The Anti-Stimulus Economists Agree: Unemployment Benefits Hurt Employment Rates

Photo Credit: APUnemployment insurance and other forms of government benefits act as a disincentive to work, economists across the political spectrum agree.

Three different economic experts testified before the House Oversight and Government Reform Committee’s Subcommittee on Economic Growth, Job Creation, and Regulatory Affairs on Thursday afternoon during a heated and contentious hearing. All said that government benefits that kick in during unemployment decrease the economic incentive to pursue work, although they disagreed about the extent of the benefits’ effect.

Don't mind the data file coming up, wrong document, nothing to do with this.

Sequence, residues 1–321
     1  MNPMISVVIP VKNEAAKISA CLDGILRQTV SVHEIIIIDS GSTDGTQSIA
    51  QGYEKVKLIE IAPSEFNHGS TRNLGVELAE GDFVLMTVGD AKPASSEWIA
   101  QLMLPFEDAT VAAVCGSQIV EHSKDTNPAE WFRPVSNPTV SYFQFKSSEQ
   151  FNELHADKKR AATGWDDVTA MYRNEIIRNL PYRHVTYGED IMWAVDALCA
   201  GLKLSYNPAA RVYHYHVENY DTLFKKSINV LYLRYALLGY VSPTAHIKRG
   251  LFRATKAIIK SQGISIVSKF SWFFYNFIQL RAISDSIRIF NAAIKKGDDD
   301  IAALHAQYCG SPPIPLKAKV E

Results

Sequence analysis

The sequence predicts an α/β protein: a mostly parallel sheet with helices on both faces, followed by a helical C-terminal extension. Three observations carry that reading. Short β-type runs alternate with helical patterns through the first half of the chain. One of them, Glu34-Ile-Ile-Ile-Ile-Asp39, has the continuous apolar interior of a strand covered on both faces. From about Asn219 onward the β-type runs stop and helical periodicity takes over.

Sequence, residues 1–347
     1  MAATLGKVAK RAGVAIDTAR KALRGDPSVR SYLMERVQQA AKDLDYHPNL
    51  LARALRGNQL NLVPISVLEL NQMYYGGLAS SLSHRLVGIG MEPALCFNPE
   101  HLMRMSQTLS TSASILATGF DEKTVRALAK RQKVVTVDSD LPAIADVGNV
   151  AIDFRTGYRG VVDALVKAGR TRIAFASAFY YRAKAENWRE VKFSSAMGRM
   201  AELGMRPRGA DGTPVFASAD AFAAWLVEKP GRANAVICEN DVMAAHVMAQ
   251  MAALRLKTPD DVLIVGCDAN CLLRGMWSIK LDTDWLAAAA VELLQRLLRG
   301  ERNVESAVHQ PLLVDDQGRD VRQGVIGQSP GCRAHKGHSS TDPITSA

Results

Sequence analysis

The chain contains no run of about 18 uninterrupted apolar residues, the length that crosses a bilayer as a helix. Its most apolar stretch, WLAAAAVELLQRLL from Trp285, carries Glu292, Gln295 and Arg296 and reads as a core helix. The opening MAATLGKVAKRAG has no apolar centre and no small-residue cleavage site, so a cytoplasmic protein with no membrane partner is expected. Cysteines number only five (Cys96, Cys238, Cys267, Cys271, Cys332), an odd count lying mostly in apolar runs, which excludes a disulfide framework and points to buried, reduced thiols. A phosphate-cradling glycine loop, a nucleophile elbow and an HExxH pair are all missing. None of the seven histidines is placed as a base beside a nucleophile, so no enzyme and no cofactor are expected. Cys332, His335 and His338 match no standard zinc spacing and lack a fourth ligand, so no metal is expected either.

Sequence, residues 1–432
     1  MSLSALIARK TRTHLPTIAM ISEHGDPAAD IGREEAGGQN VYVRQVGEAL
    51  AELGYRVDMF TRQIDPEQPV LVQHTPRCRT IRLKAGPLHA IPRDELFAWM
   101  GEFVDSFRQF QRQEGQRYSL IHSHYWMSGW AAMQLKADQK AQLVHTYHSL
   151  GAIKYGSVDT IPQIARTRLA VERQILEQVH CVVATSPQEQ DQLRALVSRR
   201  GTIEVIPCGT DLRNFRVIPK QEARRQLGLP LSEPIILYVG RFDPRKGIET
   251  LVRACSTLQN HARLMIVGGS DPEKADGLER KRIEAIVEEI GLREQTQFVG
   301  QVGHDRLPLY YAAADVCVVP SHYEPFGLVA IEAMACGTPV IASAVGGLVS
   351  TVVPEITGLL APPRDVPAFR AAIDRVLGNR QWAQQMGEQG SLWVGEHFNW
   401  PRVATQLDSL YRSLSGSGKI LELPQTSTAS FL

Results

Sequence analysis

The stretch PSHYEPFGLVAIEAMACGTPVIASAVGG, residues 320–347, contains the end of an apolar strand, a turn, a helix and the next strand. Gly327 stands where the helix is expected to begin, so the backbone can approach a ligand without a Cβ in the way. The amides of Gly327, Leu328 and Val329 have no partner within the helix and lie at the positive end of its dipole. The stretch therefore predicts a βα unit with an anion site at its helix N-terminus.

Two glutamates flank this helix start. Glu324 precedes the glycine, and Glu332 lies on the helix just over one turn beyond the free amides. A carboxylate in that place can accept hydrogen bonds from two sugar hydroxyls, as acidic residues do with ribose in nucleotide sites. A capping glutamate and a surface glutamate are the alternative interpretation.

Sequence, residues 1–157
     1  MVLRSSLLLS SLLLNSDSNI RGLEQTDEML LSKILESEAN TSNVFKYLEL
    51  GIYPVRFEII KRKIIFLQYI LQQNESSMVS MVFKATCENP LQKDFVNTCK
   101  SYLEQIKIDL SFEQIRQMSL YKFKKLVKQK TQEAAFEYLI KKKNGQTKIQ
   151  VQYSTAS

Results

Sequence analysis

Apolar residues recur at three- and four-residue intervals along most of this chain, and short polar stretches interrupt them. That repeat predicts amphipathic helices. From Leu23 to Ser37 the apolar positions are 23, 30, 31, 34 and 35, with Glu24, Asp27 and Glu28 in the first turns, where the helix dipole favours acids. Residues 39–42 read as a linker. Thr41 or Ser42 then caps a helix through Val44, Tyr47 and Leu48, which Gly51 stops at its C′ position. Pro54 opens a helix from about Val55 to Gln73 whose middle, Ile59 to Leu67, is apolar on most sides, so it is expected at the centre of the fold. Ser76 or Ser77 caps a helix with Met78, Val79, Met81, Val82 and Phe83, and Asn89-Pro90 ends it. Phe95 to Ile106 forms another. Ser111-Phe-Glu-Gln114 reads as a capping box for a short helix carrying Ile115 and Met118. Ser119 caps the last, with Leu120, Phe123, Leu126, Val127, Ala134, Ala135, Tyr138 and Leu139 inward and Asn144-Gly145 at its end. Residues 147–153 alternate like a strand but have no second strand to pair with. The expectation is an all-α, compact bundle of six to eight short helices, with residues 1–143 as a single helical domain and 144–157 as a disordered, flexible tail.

“The focus of today’s hearing is on the unintended consequences that too often stem from well-intentioned policies,” said Subcommittee Chairman Jim Jordan (R., Ohio) in his opening statement for the hearing, “Unintended Consequences: Is Government Effectively Addressing the Unemployment Crisis?”

Casey Mulligan, an economics professor at the University of Chicago and author of a recent book on the effect that safety net programs have had on employment, argued that the government’s expansion of assistance programs in the wake of the recession actually has made it financially harmful to return to work in some cases.

He called the loss of benefits caused by employment the “job acceptance penalty,” and noted that a high penalty—100 percent of profit in some cases—is associated with low employment rates.

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